Last June I traveled to Luxembourg, Belgium, and France to visit various military sites, including a host of battlefields. I happened to be present at the bicentennial of the battle of Waterloo, just as I had been present at the sesquicentennial of the battle of Gettysburg.
I remember those visits well. Yet what impressed me most was the number of American military cemeteries in the area, commemorating the dead of World Wars I and II. I spent a good deal of time exploring several World War I cemeteries, including the largest (Meuse-Argonne) as well as the smallest (Flanders Field), which I visited first.
The Aisne-Marne Cemetery is located near Belleau Wood. You can see the edge of the woods behind the chapel.
Perhaps the eeriest moment during this part of my visit came when I traveled to a nearby German cemetery, only to discover that you could see the American cemetery from it:
As we moved through France, we came upon more cemeteries. Not all were to American soldiers, of course; that’s a story for another day, and I told part of it earlier this year in recalling my visit to Verdun.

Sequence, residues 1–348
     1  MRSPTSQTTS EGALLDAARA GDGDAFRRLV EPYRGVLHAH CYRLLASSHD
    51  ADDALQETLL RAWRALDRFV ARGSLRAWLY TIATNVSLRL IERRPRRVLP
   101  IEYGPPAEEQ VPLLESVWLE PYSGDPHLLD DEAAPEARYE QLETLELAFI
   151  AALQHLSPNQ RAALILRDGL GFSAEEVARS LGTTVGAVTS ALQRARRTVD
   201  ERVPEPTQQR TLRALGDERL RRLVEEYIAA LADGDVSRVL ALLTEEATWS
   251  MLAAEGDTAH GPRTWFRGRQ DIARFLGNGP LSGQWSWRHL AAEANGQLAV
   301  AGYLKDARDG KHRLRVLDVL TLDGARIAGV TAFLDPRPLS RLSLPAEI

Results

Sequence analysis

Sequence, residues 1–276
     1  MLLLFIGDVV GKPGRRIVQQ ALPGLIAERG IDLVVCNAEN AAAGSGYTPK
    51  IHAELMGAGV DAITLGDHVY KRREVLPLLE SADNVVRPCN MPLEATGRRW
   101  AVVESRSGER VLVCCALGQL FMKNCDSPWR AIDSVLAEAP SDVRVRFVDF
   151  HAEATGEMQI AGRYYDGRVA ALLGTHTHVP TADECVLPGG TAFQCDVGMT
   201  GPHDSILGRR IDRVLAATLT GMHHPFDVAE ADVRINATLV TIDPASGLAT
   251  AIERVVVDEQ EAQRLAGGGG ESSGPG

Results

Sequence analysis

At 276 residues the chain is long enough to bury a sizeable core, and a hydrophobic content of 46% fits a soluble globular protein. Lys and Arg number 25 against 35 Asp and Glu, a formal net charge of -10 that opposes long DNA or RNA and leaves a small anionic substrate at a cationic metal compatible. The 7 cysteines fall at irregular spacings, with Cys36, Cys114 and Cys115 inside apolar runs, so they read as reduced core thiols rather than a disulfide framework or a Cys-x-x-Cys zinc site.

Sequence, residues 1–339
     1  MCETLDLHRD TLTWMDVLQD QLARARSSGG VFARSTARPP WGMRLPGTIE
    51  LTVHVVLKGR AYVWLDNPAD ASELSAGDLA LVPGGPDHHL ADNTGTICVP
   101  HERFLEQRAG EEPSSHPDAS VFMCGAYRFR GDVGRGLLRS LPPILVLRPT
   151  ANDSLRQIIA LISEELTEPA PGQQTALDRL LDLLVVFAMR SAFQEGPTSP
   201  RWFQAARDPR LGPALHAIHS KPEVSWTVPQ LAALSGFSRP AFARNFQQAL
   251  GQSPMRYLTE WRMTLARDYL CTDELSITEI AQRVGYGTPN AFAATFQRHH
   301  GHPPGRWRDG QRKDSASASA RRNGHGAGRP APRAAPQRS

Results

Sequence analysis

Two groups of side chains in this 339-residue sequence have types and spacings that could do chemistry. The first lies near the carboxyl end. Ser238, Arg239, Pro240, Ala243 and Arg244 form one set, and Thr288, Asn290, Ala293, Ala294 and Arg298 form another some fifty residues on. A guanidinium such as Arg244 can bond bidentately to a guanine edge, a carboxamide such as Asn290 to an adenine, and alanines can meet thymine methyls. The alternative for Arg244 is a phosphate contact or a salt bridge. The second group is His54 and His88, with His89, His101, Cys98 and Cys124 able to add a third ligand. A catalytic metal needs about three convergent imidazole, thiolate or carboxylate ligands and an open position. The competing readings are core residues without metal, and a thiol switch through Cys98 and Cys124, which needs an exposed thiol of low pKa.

As much as one wants to comprehend the ebb and flow of military operations, these cemetaries draw upon one’s emotions as much as they force one to think about what war costs.
We saved the largest cemetery for last, and for a particular reason. It was late one afternoon when we arrived at the Meuse-Argonne American Cemetery, and so our visit was somewhat hasty, although I achieved my most important objective.
We often visit Civil War battlefields to see where men fought and died, but we often think of the battle itself. In these cemeteries, one thinks of the lives lost and the sacrifices made … something to remember this Memorial Day.